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# Chapter 15: Tacit Operators

## 15.1 Introduction

J provides a number of built-in operators - adverbs and conjunctions. In Chapter 13 we looked at defining our own operators explicitly. In this chapter we look at defining adverbs tacitly.

## 15.2 Adverbs from Conjunctions

Recall from Chapter 07 the Rank conjunction, ("). For example, the verb (< " 0) applies Box (<) to each rank-0 (scalar) item of the argument.
```   < " 0  'abc'
+-+-+-+
|a|b|c|
+-+-+-+
```
A conjunction takes two arguments. If we supply only one, the result is an adverb. For example, an adverb to apply a given verb to each scalar can be written as (" 0)

 each =: " 0 < each z =: < each 'abc' "0 <"0 +-+-+-+ |a|b|c| +-+-+-+

The scheme is, that for a conjunction C and a noun N, the expression (C N) denotes an adverb such that:

```        x (C N)  means  x C N
```
The argument to be supplied to the conjunction can be a noun or a verb, and on the left or on the right. Altogether there are four similar schemes:
```        x (C N)  means  x C N
```
```        x (C V)  means  x C V
```
```        x (N C)  means  N C x
```
```        x (V C)  means  V C x
```
The sequences CN CV NC and CV are called "bidents". They are a form of bonding whereby we take a two-argument function and fix the value of one of its arguments to get a one-argument function. However, there is a difference between bonding a dyadic verb (as in + & 2 for example) and bonding a conjunction. With the conjunction, there is no need for a bonding operator such as &. We just write (" 0) with no intervening operator. The reason is that in the case of + & 2, omitting the & would give + 2 which means: apply the monadic case of + to 2, giving 2. However, conjunctions don't have monadic cases, so the bident (" 0) is recognised as a bonding.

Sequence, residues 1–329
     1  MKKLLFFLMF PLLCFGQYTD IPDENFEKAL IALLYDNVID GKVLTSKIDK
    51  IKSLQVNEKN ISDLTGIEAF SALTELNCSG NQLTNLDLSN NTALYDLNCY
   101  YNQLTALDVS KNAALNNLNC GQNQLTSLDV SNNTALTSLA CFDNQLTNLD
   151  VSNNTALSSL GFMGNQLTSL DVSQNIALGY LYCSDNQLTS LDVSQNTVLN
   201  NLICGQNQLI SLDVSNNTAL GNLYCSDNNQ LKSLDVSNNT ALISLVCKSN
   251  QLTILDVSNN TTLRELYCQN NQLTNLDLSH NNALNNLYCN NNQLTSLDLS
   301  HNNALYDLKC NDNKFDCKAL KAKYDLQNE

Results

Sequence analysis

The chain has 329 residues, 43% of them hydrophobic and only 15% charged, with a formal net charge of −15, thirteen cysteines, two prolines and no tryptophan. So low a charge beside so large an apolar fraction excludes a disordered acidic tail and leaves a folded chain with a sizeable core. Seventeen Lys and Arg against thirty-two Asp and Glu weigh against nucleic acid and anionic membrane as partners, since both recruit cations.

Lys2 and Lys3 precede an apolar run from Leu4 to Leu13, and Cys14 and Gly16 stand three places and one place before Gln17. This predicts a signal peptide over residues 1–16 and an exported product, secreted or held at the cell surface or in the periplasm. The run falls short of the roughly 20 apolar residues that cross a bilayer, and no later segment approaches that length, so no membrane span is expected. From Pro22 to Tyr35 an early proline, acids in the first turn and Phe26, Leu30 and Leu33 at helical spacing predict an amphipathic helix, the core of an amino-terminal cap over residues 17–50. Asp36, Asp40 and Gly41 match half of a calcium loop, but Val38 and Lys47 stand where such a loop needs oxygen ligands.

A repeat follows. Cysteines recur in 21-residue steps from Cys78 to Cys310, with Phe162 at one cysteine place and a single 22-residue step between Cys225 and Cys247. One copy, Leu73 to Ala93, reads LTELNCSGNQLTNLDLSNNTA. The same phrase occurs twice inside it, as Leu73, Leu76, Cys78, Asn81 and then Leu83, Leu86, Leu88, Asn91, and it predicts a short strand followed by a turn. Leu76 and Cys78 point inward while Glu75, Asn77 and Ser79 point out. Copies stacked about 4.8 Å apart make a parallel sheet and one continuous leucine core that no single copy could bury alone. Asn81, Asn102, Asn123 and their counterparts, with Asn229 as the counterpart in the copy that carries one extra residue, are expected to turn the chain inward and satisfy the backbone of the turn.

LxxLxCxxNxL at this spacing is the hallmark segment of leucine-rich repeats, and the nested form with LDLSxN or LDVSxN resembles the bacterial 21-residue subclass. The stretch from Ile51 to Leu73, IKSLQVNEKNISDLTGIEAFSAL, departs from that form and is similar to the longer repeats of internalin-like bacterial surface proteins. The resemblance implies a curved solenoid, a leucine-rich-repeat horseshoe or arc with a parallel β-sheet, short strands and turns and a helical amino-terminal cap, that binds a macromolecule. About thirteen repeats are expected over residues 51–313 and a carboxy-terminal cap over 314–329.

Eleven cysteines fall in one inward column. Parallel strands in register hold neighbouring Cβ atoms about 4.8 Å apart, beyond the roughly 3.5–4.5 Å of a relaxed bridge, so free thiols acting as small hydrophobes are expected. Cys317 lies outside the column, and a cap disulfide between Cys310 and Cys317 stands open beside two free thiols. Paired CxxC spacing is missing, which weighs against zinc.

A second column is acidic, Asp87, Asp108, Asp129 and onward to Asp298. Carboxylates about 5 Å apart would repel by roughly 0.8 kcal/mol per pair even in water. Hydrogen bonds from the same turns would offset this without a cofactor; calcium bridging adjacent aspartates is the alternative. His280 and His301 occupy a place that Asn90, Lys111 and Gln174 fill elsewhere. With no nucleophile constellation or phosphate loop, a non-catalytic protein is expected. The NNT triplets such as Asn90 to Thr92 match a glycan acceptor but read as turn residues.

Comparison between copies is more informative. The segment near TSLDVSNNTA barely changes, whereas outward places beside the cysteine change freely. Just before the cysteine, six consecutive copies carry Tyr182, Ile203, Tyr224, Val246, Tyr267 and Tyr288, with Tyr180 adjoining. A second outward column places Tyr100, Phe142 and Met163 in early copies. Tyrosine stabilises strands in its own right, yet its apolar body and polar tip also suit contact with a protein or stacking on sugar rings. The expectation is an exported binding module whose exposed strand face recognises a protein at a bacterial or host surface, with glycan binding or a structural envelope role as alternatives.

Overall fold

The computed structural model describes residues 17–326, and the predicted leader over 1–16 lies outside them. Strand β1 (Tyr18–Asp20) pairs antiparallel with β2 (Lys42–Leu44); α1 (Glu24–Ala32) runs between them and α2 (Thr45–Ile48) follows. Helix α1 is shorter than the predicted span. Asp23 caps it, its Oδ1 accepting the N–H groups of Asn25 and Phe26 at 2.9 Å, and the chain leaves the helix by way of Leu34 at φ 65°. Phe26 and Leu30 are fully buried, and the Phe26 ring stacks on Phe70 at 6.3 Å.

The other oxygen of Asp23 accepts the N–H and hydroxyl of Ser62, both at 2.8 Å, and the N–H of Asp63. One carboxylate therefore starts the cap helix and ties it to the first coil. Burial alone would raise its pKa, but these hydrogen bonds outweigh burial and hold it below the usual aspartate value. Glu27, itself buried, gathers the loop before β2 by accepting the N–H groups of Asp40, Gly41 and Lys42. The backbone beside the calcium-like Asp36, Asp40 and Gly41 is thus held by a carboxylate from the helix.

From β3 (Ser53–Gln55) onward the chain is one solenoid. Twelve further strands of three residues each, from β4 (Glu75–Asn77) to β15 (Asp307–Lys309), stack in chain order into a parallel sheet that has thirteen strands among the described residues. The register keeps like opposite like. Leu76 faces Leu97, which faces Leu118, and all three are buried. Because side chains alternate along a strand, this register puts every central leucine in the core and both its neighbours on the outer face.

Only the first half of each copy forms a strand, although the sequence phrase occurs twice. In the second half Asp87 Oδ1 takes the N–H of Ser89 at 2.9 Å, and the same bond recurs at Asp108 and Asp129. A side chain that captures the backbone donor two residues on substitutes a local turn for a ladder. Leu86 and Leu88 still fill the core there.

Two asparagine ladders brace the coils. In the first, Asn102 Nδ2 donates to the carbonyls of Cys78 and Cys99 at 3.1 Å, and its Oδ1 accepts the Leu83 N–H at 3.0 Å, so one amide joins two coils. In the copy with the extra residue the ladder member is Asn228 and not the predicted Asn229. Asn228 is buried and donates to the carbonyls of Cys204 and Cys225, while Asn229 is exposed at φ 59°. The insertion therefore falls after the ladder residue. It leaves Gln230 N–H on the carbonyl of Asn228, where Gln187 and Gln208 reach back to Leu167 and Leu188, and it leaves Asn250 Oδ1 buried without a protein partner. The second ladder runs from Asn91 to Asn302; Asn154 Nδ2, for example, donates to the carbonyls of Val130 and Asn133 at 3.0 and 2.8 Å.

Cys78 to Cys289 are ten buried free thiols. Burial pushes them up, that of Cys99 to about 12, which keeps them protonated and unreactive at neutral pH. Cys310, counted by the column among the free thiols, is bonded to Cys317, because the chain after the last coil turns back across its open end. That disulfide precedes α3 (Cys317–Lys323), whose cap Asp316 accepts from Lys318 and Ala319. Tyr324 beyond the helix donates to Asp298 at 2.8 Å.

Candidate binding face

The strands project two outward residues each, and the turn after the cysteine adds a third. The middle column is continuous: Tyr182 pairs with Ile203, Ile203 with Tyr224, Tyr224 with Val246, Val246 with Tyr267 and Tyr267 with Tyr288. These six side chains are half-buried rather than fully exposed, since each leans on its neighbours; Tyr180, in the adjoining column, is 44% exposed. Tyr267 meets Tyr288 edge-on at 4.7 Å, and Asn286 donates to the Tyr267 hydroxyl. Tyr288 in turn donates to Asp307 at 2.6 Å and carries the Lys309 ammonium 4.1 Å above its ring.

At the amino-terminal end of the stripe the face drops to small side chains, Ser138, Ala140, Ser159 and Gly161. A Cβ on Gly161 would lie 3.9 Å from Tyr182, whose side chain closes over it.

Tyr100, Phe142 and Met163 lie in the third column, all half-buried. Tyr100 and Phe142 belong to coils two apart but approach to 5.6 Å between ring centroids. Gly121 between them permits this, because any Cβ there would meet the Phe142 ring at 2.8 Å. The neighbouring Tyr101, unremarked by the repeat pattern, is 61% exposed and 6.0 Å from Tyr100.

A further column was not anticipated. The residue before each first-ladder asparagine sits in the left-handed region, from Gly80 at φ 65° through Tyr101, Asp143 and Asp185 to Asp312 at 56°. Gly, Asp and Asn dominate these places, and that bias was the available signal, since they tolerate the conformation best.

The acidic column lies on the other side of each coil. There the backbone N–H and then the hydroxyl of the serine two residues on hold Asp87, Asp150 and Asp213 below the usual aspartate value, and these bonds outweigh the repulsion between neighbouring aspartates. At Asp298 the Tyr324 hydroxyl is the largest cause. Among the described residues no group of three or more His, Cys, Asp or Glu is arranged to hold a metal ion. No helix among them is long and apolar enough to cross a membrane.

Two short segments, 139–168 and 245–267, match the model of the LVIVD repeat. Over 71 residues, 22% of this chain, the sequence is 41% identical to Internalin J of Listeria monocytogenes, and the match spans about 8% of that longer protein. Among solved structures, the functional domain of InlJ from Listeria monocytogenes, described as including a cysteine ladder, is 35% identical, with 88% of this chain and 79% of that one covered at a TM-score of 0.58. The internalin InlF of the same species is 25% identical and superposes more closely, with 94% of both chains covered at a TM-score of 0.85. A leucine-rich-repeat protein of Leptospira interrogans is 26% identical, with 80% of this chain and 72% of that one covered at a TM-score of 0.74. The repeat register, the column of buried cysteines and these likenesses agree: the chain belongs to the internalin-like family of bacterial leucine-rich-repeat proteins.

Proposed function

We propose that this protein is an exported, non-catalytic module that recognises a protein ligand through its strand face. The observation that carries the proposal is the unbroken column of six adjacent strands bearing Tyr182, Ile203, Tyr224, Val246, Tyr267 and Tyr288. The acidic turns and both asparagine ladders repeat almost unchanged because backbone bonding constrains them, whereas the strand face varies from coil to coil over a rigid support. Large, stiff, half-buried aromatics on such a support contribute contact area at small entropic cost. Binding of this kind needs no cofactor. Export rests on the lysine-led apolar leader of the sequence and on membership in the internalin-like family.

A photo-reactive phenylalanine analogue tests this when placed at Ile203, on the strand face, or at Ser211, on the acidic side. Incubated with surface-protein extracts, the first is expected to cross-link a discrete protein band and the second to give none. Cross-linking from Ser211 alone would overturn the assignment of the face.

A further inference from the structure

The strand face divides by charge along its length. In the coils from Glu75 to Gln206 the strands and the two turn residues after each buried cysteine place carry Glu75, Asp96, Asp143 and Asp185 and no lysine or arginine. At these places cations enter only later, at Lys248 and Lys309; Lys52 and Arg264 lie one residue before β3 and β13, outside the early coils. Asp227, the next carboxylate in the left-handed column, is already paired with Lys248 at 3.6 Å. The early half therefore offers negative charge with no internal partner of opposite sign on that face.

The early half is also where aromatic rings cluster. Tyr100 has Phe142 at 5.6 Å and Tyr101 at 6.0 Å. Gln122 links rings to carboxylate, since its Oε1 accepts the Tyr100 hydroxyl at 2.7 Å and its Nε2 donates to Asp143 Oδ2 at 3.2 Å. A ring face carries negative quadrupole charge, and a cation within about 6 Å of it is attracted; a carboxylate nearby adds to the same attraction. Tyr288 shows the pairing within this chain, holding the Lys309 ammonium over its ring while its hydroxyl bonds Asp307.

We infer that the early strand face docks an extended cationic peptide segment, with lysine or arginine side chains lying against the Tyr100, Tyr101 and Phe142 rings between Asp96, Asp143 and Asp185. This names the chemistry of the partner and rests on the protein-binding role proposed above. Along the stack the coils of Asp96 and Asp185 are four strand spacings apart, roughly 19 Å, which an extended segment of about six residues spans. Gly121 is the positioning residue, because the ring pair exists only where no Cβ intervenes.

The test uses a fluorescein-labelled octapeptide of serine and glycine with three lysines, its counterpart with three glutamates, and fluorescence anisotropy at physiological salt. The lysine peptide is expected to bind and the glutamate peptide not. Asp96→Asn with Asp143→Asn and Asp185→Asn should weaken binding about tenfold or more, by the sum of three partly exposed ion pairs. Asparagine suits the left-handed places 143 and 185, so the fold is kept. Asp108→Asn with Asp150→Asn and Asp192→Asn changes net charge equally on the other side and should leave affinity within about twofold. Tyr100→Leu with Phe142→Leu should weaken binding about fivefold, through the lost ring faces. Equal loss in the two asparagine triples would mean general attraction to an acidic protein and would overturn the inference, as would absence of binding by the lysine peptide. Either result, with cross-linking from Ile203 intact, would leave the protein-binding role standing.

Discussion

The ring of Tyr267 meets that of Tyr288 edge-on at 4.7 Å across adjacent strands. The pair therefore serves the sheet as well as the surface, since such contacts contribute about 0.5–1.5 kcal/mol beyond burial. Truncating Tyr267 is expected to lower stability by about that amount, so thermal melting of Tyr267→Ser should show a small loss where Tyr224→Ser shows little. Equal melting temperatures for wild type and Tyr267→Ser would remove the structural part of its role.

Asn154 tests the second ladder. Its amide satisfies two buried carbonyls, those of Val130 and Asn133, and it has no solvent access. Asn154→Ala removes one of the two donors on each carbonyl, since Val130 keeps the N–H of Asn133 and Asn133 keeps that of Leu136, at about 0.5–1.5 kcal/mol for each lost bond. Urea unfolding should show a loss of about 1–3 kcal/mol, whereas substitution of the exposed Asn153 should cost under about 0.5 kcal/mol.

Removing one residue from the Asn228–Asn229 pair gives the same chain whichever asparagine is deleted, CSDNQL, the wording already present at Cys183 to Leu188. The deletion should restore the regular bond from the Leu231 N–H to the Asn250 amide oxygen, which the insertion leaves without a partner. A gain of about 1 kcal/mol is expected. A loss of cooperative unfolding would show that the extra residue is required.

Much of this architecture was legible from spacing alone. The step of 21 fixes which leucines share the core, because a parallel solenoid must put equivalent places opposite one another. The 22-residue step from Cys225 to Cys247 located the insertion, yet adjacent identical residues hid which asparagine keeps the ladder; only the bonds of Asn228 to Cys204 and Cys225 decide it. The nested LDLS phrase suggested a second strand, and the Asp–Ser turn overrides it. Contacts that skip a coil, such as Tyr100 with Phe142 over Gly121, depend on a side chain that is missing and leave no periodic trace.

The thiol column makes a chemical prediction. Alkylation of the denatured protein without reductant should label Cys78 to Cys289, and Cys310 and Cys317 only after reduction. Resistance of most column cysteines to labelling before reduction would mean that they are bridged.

Recall the "Under" conjunction &. from Chapter 08 whereby f&.g is a verb which applies g to its argument, then f then the inverse of g. If we take f and g to be:

```   f =: 'f' & ,
g =: >
```
then we see that f is applied inside each box:

 z (f &. g) z +-+-+-+ |a|b|c| +-+-+-+ +--+--+--+ |fa|fb|fc| +--+--+--+

Now, using the form CV, we can define an adverb EACH to mean "inside each box":

 EACH =: &. > f EACH z f EACH z &.> f&.> +-+-+-+ |a|b|c| +-+-+-+ +--+--+--+ |fa|fb|fc| +--+--+--+

## 15.3 Compositions of Adverbs

If A and B are adverbs, then the bident (A B) denotes an adverb which applies A and then B. The scheme is:
```         x (A B)   means (x  A) B
```

### 15.3.1 Example: Cumulative Sums and Products

There is a built-in adverb \ (backslash, called Prefix). In the expression f \ y the verb f is applied to successively longer leading segments of y. For example:
```   < \ 'abc'
+-+--+---+
|a|ab|abc|
+-+--+---+
```
The expression +/ \ y produces cumulative sums of y:
```   +/ \ 1 2 3
1 3 6
```
An adverb to produce cumulative sums, products, and so on can be written as a bident of two adverbs:
```   cum =: / \   NB. adverb adverb

```

 z =: 2 3 4 + cum z * cum z 2 3 4 2 5 9 2 6 24

### 15.3.2 Generating Trains

Now we look at defining adverbs to generate trains of verbs, that is, hooks or forks.

First recall from Chapter 14 the Tie conjunction (`), which makes gerunds, and the Evoke Gerund adverb (`: 6) which makes trains from gerunds.

Now suppose that A and B are the adverbs:

```   A =: * `    NB. verb conjunction
B =: `: 6   NB. conjunction noun

```
Then the compound adverb
```   H =: A B
```
is a hook-maker. Thus <: H generates the hook * <: , that is "x times x-1"

 <: A <: A B h =: <: H h 5 +-+--+ |*|<:| +-+--+ * <: * <: 20

### 15.3.3 Rewriting

It is possible to rewrite the definition of a verb to an equivalent form, by rearranging its terms. Suppose we start with a definition of the factorial function f. Factorial 5 is 120.
```   f =: (* (\$: @: <:)) ` 1:  @. (= 0:)
f 5
120
```
The idea now is to rewrite f to the form \$: adverb, by a sequence of steps. Each step introduces a new adverb. The first new adverb is A1, which has the form conj verb.
```   A1 =: @. (= 0:)
g  =: (* (\$: @: <:)) ` 1: A1
g 5
120
```
Adverb A2 has the form conj verb
```   A2 =: ` 1:
h  =: (* (\$: @: <:)) A2 A1
h 5
120
```
```   A3 =: (* `) (`: 6)
i  =: (\$: @: <:) A3 A2 A1
i 5
120
```
Adverb A4 has the form conj verb
```   A4=: @: <:
j  =: \$: A4 A3 A2 A1
j 5
120
```
Combining A1 to A4:
```   A =: A4 A3 A2 A1
k =: \$:  A
k 5
120
```
Expanding A:
```   m =: \$: (@: <:) (* `) (`: 6) (` 1:) (@. (= 0:))
m 5
120
```
We see that m and f are the same verb:

 f m (* \$:@:<:)`1:@.(= 0:) (* \$:@:<:)`1:@.(= 0:)

This is the end of Chapter 15.

The examples in this chapter were executed using J version 701. This chapter last updated 29 Jul 2012
Copyright © Roger Stokes 2012. This material may be freely reproduced, provided that this copyright notice is also reproduced.

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